Even under the most liberal definition of finality, this court cannot conclude that an order which grants (or denies) a jury trial, standing alone, is final. See City of Morgantown v. Royal Ins. Co., 337 U.S. 254, 256-58, 69 S.Ct. 1067, 1068-69, 93 L.Ed. 1347 (1949); Howard v. Parisian, Inc., 807 F.2d 1560, 1566 (11th Cir. 1987); Cochran v. Birkel, 651 F.2d 1219, 1221 (6th Cir. 1981), cert. denied, 454 U.S. 1152, 102 S.Ct. 1020, 71 L.Ed.2d 307 (1982); In re Southern Indus. Banking Corp., 70 B.R. 196, 199-200 (E.D.Tenn. 1986). Such an order does not resolve a particular proceeding, dispose of a claim, or otherwise determine the position of a creditor; the claim at issue remains pending for resolution by the jury. The fact that the bankruptcy court also determined that it has the authority to conduct the jury trial does not render the order final. "Orders which merely allow `the proposed litigation to go forward' are not final orders because they do not conclusively or effectively determine the outcome of the litigation." In re Public Serv. Co., 110 B.R. 100, 102 (D.N.H. 1989) (quoting In re El San Juan Hotel, 809 F.2d 151, 153 (1st Cir. 1987)); see also In re Greene County Hosp., 835 F.2d 589, 595-96 (5th Cir.), cert. denied, 488 U.S. 820, 109 S.Ct. 64, 102 L.Ed.2d 41 (1988).
The Bowers also contend, alternatively, that this court has jurisdiction under the marginal finality doctrine of Gillespie v. United States Steel Corp., 379 U.S. 148, 85 S.Ct. 308, 13 L.Ed.2d 199 (1964) and the collateral order doctrine first articulated in Cohen v. Beneficial Indus. Loan Corp., 337 U.S. 541, 69 S.Ct. 1221, 93 L.Ed. 1528 (1949). In Gillespie, the Supreme Court recognized that it is often difficult to determine whether an order is final; certain cases may fall within a so-called "twilight zone" of finality. 379 U.S. at 152, 85 S.Ct. at 311. For this reason, courts should give the finality requirement a "practical rather than a technical construction," id. (quoting Cohen, 337 U.S. at 546, 69 S.Ct. at 1225), and balance the inconvenience and costs of piecemeal review against the potential injustice resulting from delay. Id. at 152-53, 85 S.Ct. at 310-11; In re Jartran, 886 F.2d at 864. This appeal, however, does not present the type of marginal case falling within the "twilight zone" of finality. See In re Jartran, 886 F.2d at 864. None of the disputes or claims between the Bowers and Bowers-Siemon have been resolved one way or the other so as to justify appellate review. Gillespie clearly does not extend appellate jurisdiction over the type of order entered by the bankruptcy court in this case.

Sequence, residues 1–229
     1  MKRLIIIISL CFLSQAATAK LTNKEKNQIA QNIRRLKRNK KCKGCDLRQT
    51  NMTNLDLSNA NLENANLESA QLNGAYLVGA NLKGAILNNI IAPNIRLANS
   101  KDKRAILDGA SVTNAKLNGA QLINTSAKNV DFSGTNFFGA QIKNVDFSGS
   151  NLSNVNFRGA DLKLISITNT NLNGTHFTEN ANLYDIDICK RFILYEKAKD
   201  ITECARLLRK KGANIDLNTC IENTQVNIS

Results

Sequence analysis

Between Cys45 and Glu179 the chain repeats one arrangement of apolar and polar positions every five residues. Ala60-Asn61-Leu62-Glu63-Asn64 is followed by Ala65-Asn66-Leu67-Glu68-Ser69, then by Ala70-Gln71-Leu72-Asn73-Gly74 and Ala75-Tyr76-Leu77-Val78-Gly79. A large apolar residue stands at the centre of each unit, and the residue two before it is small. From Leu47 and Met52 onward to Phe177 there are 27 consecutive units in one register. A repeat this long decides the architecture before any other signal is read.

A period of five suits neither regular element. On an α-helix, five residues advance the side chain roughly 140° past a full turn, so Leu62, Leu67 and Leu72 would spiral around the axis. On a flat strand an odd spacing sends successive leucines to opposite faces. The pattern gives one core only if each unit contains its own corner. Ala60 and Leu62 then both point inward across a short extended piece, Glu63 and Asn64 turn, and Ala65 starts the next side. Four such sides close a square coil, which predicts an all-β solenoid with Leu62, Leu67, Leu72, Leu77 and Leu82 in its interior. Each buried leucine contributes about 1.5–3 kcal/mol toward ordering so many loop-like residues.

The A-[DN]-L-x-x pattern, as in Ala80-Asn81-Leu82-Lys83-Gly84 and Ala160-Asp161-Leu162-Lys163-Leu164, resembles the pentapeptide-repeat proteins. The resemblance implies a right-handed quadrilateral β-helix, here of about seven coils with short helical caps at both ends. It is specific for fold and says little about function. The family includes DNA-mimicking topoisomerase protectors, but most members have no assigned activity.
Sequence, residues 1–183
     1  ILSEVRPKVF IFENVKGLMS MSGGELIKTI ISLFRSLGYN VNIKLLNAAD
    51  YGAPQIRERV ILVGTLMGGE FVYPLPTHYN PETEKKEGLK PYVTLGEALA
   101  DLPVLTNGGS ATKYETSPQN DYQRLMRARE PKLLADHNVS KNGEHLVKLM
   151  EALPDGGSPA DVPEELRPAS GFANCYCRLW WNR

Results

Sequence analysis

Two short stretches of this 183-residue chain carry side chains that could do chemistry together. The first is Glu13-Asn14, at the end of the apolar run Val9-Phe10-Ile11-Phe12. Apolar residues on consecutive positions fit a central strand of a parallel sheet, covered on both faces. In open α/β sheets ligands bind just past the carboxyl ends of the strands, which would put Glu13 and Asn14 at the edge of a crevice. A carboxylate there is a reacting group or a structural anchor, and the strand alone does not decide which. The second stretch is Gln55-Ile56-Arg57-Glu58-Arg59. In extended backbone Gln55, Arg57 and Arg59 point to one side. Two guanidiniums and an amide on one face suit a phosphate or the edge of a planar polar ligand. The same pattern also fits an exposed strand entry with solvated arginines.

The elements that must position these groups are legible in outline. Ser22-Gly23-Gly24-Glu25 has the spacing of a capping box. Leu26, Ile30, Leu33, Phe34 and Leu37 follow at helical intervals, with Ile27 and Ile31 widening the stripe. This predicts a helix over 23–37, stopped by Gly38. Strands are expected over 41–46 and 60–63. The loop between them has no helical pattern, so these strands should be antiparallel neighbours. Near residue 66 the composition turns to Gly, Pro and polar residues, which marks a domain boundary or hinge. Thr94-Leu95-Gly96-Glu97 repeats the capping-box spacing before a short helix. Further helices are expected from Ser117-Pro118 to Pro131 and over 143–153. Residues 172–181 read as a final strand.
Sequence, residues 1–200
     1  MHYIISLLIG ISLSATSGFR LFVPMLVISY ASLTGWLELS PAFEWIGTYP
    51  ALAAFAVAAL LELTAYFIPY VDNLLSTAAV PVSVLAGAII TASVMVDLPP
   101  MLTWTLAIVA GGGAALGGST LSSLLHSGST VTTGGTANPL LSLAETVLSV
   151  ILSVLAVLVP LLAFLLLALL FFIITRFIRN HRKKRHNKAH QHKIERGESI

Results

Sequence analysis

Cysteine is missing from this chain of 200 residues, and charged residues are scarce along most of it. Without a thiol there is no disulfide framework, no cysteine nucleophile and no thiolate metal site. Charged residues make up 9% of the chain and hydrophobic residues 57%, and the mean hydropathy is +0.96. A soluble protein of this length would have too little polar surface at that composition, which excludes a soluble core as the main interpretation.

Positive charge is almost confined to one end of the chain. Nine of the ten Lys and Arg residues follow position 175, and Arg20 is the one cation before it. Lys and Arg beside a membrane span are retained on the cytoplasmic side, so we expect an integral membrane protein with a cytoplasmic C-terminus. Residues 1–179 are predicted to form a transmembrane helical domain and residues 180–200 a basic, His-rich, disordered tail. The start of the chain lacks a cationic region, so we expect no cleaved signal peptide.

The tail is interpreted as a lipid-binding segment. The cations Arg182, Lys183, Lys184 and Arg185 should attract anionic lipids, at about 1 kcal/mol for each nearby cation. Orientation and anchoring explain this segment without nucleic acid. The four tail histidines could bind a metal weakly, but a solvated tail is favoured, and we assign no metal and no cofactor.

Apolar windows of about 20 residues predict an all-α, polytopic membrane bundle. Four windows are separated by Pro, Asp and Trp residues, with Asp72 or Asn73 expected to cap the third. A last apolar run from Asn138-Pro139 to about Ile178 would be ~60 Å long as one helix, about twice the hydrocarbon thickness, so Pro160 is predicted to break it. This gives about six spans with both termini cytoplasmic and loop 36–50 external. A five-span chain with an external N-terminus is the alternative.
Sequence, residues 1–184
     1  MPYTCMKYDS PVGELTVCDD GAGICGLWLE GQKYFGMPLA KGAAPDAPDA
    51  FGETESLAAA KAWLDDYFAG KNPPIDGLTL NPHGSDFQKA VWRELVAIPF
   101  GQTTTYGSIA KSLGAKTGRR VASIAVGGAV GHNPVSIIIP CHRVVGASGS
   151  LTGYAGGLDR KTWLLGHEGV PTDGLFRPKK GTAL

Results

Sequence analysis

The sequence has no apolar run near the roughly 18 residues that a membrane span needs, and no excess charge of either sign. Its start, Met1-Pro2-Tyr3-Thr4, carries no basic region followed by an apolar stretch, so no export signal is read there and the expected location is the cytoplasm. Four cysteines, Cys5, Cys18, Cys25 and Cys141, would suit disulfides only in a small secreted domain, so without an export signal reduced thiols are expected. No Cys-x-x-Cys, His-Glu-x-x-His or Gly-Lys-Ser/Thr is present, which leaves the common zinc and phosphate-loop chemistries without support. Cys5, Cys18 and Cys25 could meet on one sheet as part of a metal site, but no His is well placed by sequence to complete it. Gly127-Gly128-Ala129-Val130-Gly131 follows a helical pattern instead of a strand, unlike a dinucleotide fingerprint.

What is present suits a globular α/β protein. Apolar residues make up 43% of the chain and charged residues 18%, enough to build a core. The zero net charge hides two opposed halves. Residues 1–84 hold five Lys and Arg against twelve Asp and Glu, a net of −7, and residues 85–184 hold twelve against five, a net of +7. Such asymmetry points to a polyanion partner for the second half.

Likewise, the collateral order doctrine will not supply the basis for appellate review. The collateral order doctrine is applicable only to that "small class" of otherwise non-final orders which "finally determine claims of right separable from, and collateral to, rights asserted in the action, too important to be denied review and too independent of the cause itself to require that appellate consideration be deferred until the whole case is adjudicated." Cohen, 337 U.S. at 546, 69 S.Ct. at 1225. To invoke this narrow exception to the finality rule, three conditions must be satisfied: (1) "the order must conclusively determine the disputed question"; (2) "resolve an important issue completely separate from the merits of the action"; and (3) "be effectively unreviewable on appeal from a final judgment." Coopers Lybrand v. Livesay, 437 U.S. 463, 468, 98 S.Ct. 2454, 2458, 57 L.Ed.2d 351 (1978); see also Richardson-Merrell, Inc. v. Koller, 472 U.S. 424, 431, 105 S.Ct. 2757, 2761, 86 L.Ed.2d 340 (1985); In re Lytton's, 832 F.2d 395, 402 (7th Cir. 1987). The bankruptcy court's order does not satisfy at least the third condition. The Bowers cannot demonstrate that an order disposing of the jury trial question would be unreviewable or that its consequences would be irreversible. See In re UNR Indus., Inc., 725 F.2d 1111, 1118 (7th Cir. 1984). This court, moreover, sees no reason why the jury issue may not be effectively considered on appeal from a final determination in the adversary proceeding. The order entered by the bankruptcy court simply does not affect "rights that will be irretrievably lost in the absence of an immediate appeal." Richardson-Merrell, 472 U.S. at 431, 105 S.Ct. at 2761. The Bowers argue that they will suffer irreparable harm if this appeal is denied, citing the cost of having to retry the case in the district court if the order is ultimately reversed. But these potential costs are not the type of irreparable injury contemplated by the Cohen exception. In re American Colonial Broadcasting Corp., 758 F.2d 794, 803 (1st Cir. 1985); see also In re San Juan Star Co., 662 F.2d 108, 112 (1st Cir. 1981) ("potential burdens of litigation or relitigation cannot alone constitute the requisite [irreparable] harm"). Aside from the burdens of litigation, the Bowers have failed to identify any irreparable harm that may result from a delay in obtaining appellate review. If the order affected the disposition of the estate's assets or the allocation of those assets among creditors, the Bowers could make a stronger argument for an immediate appeal. As stated previously, this order does not effectively divest the Bowers of their rights; it merely allows the litigation to go forward.